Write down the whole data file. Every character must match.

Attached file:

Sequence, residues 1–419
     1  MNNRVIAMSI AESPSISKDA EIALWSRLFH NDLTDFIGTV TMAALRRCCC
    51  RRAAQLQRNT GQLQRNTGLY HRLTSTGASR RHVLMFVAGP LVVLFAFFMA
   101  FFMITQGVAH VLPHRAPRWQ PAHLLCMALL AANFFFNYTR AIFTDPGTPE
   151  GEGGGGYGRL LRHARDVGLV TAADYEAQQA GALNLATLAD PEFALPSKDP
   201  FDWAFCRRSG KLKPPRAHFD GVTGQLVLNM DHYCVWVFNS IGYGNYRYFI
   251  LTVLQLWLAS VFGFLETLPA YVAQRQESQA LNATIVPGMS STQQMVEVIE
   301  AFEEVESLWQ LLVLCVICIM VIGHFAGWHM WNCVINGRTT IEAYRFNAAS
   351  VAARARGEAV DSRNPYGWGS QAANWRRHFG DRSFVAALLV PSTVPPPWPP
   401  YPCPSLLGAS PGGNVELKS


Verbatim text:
Sequence, residues 1–419
     1  MNNRVIAMSI AESPSISKDA EIALWSRLFH NDLTDFIGTV TMAALRRCCC
    51  RRAAQLQRNT GQLQRNTGLY HRLTSTGASR RHVLMFVAGP LVVLFAFFMA
   101  FFMITQGVAH VLPHRAPRWQ PAHLLCMALL AANFFFNYTR AIFTDPGTPE
   151  GEGGGGYGRL LRHARDVGLV TAADYEAQQA GALNLATLAD PEFALPSKDP
   201  FDWAFCRRSG KLKPPRAHFD GVTGQLVLNM DHYCVWVFNS IGYGNYRYFI
   251  LTVLQLWLAS VFGFLETLPA YVAQRQESQA LNATIVPGMS STQQMVEVIE
   301  AFEEVESLWQ LLVLCVICIM VIGHFAGWHM WNCVINGRTT IEAYRFNAAS
   351  VAARARGEAV DSRNPYGWGS QAANWRRHFG DRSFVAALLV PSTVPPPWPP
   401  YPCPSLLGAS PGGNVELKS